L5R - Chasing the Winds - A Winter Court 5 Sequel Fic

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L5R - Chasing the Winds - A Winter Court 5 Sequel Fic

Postby Kakita_Harun » Sat Apr 22, 2017 4:15 am

This story is a sequel to Winter Court 5 as well as School Days

Chasing the Wind

Spring, 1235 - Shiro san Kakita


Harun was relieved when the gates of Shiro sano Kakita came in sight. Just on dusk. He was just in time before they closed them for the night. He had been riding hard for three days, stopping only to rest his horse.
The guard, one familiar from Harun’s student days, waved him through when Harun showed his chop. Once inside he quickly secured his horse in the stable and then emerged in the familiar courtyard that separated the dojo from the rest of the castle. Ordered, every stone and flower in it’s perfect place.
It’s like coming home, thought Harun as he crossed it, nothing has changed.
But if nothing had changed here, Harun had certainly changed. He was taller, his skin darker from the time he had spent in the sun, his muscles hard from the riding and fighting in the Unicorn lands. His hair hung long and wild in loose curls around his shoulders, pooling in the hood of his deep purple fur-lined cloak that concealed his armour. He walked with an easy confidence, with purpose, as if he no longer cared who saw him.
But there was still the quietness in his eyes, akin to a deep well. A stillness he drew upon in the duelling ring, silence turned quickly to action.
In the courtyard outside the outside the dojo, the students gathered in small groups playing, practising or talking.
Recreation time, he remembered. He didn’t see Arahime, perhaps she was inside. He had lost track of the days on the road, what with the late snow holding him up.
“Harun!” A blue and white blur ran towards him, then at the last minute stopped and gave an awkward bow. “I’m sorry,” she said, stifling a giggle.
Harun laughed and came forward to embrace his little sister. “Sakimi-chan.” She had come to the academy the year before he had left. With her white hair and blue eyes she fit right in, and she had followed him around like a shadow whenever she could.
She ran her fingers through his long hair. “You look like a real Moto!” She laughed. “Did you see them? Did you see any Shiotome?”
“I saw lots of things, Sakimi-chan,” he said. “Where is Arahime? Is she still here?”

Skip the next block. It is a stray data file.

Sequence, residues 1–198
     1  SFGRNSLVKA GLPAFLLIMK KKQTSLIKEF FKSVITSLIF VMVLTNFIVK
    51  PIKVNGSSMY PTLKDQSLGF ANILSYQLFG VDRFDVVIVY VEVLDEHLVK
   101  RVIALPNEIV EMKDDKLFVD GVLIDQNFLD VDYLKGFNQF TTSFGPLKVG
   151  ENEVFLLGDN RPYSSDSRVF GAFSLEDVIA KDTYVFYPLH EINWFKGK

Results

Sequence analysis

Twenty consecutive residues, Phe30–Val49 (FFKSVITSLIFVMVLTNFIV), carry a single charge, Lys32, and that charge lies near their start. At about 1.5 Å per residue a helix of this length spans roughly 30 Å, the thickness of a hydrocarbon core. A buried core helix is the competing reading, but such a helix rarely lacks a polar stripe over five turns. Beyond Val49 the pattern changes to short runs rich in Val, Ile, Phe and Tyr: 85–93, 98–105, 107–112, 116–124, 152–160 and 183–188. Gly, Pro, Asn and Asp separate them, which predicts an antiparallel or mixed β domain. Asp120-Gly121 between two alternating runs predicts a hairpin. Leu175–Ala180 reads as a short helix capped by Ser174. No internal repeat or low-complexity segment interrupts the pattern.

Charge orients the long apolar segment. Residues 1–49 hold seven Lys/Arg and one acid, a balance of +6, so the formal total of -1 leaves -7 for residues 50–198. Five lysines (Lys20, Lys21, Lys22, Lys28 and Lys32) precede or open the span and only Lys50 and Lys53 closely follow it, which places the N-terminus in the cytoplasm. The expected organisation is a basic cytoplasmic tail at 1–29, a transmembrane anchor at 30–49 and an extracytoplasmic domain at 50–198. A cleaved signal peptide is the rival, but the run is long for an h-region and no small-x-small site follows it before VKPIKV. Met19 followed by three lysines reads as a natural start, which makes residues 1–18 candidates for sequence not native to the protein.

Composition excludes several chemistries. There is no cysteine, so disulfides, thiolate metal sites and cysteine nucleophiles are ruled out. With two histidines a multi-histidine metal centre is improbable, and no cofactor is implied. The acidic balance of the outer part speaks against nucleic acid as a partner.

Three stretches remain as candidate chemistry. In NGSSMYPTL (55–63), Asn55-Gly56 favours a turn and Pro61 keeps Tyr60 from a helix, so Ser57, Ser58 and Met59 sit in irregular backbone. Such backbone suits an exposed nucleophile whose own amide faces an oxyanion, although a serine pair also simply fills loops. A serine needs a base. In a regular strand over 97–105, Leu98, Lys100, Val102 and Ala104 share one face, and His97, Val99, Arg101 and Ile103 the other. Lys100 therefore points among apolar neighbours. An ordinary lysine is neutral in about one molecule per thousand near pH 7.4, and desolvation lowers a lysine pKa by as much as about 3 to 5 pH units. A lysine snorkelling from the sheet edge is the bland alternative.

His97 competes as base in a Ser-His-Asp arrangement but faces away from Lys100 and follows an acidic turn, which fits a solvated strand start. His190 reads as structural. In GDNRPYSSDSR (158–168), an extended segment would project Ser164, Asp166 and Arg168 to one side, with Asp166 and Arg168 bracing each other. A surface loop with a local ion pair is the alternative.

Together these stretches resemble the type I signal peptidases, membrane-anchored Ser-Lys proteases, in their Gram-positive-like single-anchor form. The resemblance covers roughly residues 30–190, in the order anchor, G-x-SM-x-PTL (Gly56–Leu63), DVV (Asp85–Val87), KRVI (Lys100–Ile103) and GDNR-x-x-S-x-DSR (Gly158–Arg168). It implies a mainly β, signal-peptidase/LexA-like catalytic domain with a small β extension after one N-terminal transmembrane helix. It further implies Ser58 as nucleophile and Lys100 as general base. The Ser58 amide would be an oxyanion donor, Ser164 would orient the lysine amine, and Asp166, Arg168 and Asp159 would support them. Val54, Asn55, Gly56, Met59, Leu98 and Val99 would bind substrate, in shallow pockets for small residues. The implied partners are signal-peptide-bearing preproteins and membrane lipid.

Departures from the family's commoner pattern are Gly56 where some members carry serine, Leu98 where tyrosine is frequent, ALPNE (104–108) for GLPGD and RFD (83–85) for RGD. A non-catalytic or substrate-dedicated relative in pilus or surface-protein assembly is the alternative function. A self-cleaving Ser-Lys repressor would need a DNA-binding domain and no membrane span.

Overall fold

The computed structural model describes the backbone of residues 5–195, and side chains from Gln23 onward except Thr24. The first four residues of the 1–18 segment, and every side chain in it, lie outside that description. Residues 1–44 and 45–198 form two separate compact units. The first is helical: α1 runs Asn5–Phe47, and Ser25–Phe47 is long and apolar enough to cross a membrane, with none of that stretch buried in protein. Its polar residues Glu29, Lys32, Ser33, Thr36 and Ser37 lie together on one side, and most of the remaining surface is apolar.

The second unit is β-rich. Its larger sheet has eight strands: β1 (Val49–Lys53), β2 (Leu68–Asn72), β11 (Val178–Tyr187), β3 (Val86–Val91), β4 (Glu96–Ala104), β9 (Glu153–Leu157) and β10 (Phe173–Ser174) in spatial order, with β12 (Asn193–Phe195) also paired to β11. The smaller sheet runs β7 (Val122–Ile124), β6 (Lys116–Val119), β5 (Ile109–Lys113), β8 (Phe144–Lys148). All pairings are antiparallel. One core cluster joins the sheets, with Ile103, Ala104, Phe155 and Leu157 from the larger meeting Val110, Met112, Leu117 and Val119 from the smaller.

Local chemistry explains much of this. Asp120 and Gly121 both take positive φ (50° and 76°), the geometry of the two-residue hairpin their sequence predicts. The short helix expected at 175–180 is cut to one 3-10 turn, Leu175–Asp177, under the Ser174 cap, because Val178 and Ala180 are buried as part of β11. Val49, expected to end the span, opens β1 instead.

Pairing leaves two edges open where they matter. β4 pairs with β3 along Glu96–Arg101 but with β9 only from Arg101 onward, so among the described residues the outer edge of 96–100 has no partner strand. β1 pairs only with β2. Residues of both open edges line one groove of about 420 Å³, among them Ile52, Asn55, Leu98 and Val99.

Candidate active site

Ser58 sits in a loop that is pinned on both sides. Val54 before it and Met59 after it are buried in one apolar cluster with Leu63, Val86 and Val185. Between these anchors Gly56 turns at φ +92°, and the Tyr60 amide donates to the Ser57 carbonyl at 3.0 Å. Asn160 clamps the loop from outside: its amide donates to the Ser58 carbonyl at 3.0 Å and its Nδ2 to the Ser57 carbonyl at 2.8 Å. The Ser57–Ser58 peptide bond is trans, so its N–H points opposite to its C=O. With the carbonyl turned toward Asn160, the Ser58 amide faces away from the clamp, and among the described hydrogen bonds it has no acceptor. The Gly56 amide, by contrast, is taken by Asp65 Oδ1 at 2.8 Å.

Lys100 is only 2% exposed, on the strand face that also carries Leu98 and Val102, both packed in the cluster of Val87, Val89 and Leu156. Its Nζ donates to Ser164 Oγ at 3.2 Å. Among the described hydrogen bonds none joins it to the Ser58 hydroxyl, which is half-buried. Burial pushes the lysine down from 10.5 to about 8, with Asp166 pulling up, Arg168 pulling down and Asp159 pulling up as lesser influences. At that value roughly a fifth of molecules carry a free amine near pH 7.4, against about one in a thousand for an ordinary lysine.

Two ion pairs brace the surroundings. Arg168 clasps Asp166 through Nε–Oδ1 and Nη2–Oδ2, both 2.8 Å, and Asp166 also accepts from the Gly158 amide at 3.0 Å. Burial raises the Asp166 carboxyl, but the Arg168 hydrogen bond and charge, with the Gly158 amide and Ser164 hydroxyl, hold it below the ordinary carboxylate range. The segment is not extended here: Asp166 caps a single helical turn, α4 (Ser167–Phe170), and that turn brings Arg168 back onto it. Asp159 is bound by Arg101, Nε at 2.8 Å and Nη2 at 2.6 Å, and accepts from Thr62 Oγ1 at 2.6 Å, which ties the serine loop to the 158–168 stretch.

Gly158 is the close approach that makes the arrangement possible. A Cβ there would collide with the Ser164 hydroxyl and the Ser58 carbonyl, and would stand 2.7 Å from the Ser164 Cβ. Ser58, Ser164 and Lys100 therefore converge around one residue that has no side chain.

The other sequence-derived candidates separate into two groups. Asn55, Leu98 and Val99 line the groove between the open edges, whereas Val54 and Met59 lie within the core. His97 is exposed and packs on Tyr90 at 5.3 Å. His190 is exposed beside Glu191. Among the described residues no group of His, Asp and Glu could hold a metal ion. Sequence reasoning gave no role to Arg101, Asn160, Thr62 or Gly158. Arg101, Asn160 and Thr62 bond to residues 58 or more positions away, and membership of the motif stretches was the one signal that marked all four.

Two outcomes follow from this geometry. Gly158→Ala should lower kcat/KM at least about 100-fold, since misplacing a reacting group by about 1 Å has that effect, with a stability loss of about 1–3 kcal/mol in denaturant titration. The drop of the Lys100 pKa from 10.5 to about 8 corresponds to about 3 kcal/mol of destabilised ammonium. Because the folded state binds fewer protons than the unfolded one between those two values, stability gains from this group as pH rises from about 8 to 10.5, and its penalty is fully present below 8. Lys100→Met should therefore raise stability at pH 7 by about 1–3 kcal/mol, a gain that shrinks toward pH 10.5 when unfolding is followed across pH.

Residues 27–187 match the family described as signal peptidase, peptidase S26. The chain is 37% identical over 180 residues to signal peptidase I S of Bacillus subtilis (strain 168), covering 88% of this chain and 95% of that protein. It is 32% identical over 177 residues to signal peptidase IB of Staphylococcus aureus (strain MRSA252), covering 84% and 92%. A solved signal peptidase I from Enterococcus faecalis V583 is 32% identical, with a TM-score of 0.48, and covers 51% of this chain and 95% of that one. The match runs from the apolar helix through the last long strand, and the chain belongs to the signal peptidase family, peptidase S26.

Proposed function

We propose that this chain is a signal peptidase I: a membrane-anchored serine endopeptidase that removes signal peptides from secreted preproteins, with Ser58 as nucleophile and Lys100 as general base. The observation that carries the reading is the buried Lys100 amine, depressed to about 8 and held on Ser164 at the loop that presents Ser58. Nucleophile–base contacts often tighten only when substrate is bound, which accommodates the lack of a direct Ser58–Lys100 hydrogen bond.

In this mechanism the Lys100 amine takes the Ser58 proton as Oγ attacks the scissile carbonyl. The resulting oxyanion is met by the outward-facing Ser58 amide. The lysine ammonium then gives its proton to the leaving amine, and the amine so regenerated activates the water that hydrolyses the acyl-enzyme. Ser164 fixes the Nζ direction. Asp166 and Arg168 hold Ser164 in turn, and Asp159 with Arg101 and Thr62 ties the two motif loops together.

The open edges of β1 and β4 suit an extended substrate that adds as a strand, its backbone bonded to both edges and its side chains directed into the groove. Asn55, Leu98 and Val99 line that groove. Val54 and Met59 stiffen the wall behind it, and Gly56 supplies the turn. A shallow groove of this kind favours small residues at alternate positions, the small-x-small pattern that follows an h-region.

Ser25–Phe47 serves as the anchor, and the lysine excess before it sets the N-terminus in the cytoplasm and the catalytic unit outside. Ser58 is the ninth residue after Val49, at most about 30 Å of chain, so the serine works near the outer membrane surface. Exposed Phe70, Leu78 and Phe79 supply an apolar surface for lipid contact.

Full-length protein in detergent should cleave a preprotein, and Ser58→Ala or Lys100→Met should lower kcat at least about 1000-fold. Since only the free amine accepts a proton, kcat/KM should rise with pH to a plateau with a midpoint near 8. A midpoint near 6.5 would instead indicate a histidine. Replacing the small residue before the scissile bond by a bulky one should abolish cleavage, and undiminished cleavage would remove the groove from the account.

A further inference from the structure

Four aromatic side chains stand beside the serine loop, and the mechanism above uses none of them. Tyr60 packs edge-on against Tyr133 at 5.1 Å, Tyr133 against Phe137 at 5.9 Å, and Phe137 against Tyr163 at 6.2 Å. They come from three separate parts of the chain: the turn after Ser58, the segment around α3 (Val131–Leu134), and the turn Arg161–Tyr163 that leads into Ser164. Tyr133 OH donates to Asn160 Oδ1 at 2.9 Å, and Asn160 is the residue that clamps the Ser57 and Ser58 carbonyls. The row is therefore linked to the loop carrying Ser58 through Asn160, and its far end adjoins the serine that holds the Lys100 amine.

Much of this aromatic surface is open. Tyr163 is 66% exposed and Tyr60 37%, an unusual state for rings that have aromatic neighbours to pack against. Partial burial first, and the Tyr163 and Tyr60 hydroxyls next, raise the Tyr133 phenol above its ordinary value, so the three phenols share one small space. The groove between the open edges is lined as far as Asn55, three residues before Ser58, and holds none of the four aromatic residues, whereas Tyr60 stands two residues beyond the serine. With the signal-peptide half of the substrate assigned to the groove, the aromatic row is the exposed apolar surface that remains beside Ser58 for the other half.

Sakimi hesitated. “She…she has left, Harun. A week ago,” she said. “I’m sorry.”
Harun’s face fell. “But…the championship?”
Sakimi shook her head. “It ended, the day before she left.”
Harun closed his eyes. “I promised her,” he said. He opened them again. “Why didn’t she wait for me?”
“I don’t know,” Sakimi said. “Aunt Kyoumi and Uncle Kousuda had to leave quickly.”
Harun clenched his fists and made a low groan. He would have done more, but remembered in time not only was Sakimi right there they didn’t do things like that in Crane lands.
“I’m sorry,” Sakimi repeated.
One of the sensei walked around ringing a small handbell, summoning the children to the evening meal. Sakimi looked at him then back at Harun.
“Go on,” Harun said. “We can talk more later.”
When Sakimi left, Harun sat down on a bench at the edge of the courtyard, running his hands through his hair. How often he and Arahime had sat there together in their student days. And she had left, without waiting for him, without saying goodbye.
It was of her that he had thought of when he rode home, that had spurred him on. And he hadn’t told her how he felt about her. How much he loved her. How much he cared.
It’s not too late, Harun thought, The gates are closed now, but I can leave at first light and be in Otosan Uchi in a few hours. He brightened at the thought. Wherever she’s going, she can’t have left yet.
A light moving across the courtyard made him look up. It was his old sensei, Kakita Kenshin, the Master Sensei of Kakita Academy. He supported himself with a walking stick with one hand and held a lantern with the other.
“Sensei.” Harun immediately got to his feet and bowed low.
Kenshin looked his former student up and down. “Harun-san, you have come back.” There was the hint of a smile in his careworn face.
“I heard I have missed the tournament,” Harun said, taking the lantern from Kenshin and falling into step beside him. “I did want to see Arahime compete.”
“She did well,” said Kenshin. “She was in the final round against Mirumoto Fumaki who narrowly bested her.”
“Sensei,” Harun said, his words sticking in his throat, “I had hoped to see her before she left.”
Kenshin stopped walking, thinking. “Come to my chambers later, we can speak more.” He signalled to a younger student who was crossing the courtyard going into dinner late. “Sumiko-chan, see that Kakita Harun is installed in the guest quarters.”
The girl bowed to the master sensei and Harun followed him.
Last edited by Kakita_Harun on Wed Jun 14, 2017 5:30 am, edited 1 time in total.